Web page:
Handwriting, with which--as the name implies-palaeography began, is only the most obvious and important of a whole group of operations involved in the manufacture of a book; and the division of labour, especially in the later Middle Ages, often meant that several different craftsmen worked on the production of the same book. The organization of the book trade is, therefore, part of our subject; and so, when we turn to the fates of books after their manufacture, is the history of libraries, public and private.
The physical aspects of a manuscript book that have to be considered are these, in the order in which they come in the process of manufacture: (1) the writing material (papyrus, membrane, or paper); (2) its arrangement to form either a roll in which each sheet of material is fastened to the one before, or else a codex, in which groups of sheets are folded to form quires; (3) the ruling of the sheets in preparation for the writing (with subsequent numbering, etc., of the quires); (4) the writing of the main text, often by more than one scribe; (5) its correction and annotation, not necessarily by any of the scribes who wrote it; (6) the writing of titles etc. at the beginning and/or end of chapters, books and texts: which it is convenient to call rubrication; (7) the decoration, which may include several distinct operations, from the provision of simple coloured initials, through the painting of more elaborate illuminated and/or historiated initials and borders, to the drawing or painting of illustrations, generally called miniatures; (8) the binding of the book, which includes the method by which the quires of a codex are sewn together as well as the materials and decoration of the covers (most manuscripts have been rebound at least once since they were first written).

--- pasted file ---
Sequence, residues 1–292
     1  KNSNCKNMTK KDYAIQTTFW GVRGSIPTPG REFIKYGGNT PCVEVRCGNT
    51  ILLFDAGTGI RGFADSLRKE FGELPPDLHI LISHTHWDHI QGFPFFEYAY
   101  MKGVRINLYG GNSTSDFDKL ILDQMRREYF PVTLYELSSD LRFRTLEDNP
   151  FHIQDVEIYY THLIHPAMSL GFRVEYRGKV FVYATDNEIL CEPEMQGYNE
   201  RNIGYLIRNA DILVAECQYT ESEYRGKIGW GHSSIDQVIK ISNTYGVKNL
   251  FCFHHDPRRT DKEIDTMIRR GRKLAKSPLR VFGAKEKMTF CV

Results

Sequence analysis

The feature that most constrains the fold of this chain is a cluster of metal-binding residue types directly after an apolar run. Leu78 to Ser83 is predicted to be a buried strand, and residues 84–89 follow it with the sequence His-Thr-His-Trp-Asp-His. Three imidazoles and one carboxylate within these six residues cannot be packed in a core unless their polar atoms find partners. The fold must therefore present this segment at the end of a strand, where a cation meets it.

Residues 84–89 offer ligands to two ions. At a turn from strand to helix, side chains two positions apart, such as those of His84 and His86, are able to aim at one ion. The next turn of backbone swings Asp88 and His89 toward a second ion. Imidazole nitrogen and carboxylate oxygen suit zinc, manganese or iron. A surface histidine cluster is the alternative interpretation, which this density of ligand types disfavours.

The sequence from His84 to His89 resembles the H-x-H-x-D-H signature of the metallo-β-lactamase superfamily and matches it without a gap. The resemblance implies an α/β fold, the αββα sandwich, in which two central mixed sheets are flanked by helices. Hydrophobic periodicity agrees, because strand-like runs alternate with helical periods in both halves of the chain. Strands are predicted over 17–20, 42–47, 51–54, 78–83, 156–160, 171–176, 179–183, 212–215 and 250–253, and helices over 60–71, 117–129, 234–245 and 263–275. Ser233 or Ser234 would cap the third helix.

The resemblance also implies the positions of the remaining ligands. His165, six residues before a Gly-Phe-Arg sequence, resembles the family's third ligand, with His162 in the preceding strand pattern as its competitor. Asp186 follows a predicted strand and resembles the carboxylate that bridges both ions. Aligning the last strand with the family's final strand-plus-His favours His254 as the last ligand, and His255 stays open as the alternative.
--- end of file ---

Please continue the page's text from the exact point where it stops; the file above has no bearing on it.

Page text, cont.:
Knowledge of handwriting--palaeography in the strict sense--is relevant mainly to the central operations of writing the text, its correction and annotation, and its rubrication; and of course to the evaluation of notes of ownership and other additions made after the book was first completed. It is a complicated subject in itself, and includes the very important matter of the history of abbreviations, as well as subsidiary matters like punctuation and orthography. Knowledge of the other five aspects of book production listed above, and especially knowledge of the decoration, can supplement, often in a very revealing way, what can be learned about a book from its handwriting; and during the last twenty years the word 'codicology' has been widely used in Europe as a name for the study of the aspects of manuscript books other than handwriting. It corresponds to the German term Handschriftenkunde, which was introduced early in the nineteenth century. In the English-speaking countries, however, palaeography is generally understood in the wider sense, as including the subjects dealt with by codicology or Handschriftenkunde. We may now consider in more detail, in the light of this account of the immediate aims of paleography, what it can contribute to the study of texts and of illustration in manuscripts. The basic element in the study of texts is textual criticism, which seeks to recover, by comparing the more or less faulty versions that survive in manuscripts, and thereafter by emendation, what ancient authors actually wrote. The textual critic uses palaeography for two main purposes: first, to read his manuscripts correctly; and secondly, during the process of recension and reconstruction, to date and localize them as a means of discovering which of them are likely to have been copied from others that survive. The textual critic whose sole aim is the recovery of his author's text tries to be economical in the number of manuscripts he collates, and the ability to date and localize manuscripts with a view to eliminating the copies of existing manuscripts can, with some but not all classes of texts, lighten his labour very considerably. The textual critic who goes further and arranges in textual families all the surviving manuscripts of his text, whether or not they help him to reconstruct its original form, and then--with the help of palaeography--determines their date and origin and the hands through which they have subsequently passed, contributes thereby to the history of the text, what Ludwig Traube called Überlieferungsgeschichte. Here textual criticism and palaeography join forces to collaborate with literary history in discovering the paths by which ancient texts have been transmitted to our own day. Without the contribution of palaeography, our knowledge of the history of scholarship and thought would be much poorer than it is, since we should have to rely for our information about literary traditions mainly on quotations or paraphrases of, and references to, one author by another.